My great grandmother was in her seventies when her crooked fingers with thin skin hammered chords by ear on the piano in the living room, and she patted the bench and said, “Come on. I’ll show you.”
She taught me the major chords (A, C, D, E, F, and G) and the minor ones, and I learned “Heart and Soul”. She even crisscrossed her arms to teach me it was fun and could be done in a variety of ways. I pecked out “Heart and Soul” over and over on the old Mahogany upright my parents bought from an elderly woman moving to an assisted living facility closer to her son’s family, and I kept time in my head to make certain the sound was right.
Like a metronome, I kept time on my bike when I pushed pedals, left then right and up then down, to get to after school piano lessons–up the hill, around the corner by the creek, by the baseball stadium, and through the cemetery, where the Indian princess and Doc Holliday’s family were buried, and across the bridge. When a guy in a Volkswagen parked in the cemetery tried to coax me over, I didn’t go see what he wanted and sped up my pedaling time. Later, I heard my parents say he’d been arrested for drugs and for luring children to a show and tell they didn’t comprehend, but when three teenage boys jumped in front of my bike, my time stopped. They stole my bike, rode off in clouds of laughter, and I described them to the piano instructor who understood I was too upset for a lesson.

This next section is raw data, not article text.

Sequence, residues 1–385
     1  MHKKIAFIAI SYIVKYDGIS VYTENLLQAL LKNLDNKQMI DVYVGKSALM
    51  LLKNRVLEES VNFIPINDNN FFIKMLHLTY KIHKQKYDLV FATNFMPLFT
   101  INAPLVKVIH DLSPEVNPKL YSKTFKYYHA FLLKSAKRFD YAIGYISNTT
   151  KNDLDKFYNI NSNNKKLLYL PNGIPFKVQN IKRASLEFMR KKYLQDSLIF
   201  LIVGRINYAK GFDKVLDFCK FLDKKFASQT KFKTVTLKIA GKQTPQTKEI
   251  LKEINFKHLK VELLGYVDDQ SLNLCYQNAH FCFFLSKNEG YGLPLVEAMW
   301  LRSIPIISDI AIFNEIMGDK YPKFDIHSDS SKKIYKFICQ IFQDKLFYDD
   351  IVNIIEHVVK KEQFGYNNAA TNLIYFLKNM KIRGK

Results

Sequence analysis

My mother picked me up in her Skylark that ticked a rhythmic time, and when I was home safe, I practiced. Mom took a call from an aunt that my great grandmother had slipped away in the afternoon to the beat of rain pelting the camellias outside her nursing home window. I imagined she heard “Heart and Soul” and was greeted by my great grandfather who gave her a long-awaited kiss. While diabetes had taken its toll on her body and made her heart flutter until it stopped, in one great swelling and final beat, she was made whole again in the fullness of time.
‘Keeping Time’ was originally published in The Citron Review; December, 2020
FEATURED IMAGE: Robert Delaunay “Rythme sans fin” (Endless Rhythm) 1934), Oil on canvas, 1619 × 1302 mm frame/ 1644 × 1332 × 45 mm TATE, London
Niles Reddick is author of a novel Drifting too far from the Shore, two collections Reading the Coffee Grounds and Road Kill Art and Other Oddities, and a novella Lead Me Home. His work has been featured in seventeen anthologies, twenty-one countries, and in over three hundred publications including The Saturday Evening Post, PIF, New Reader Magazine, Forth Magazine, Citron Review, and The Boston Literary Magazine. He works for the University of Memphis and lives in Jackson, Tennessee.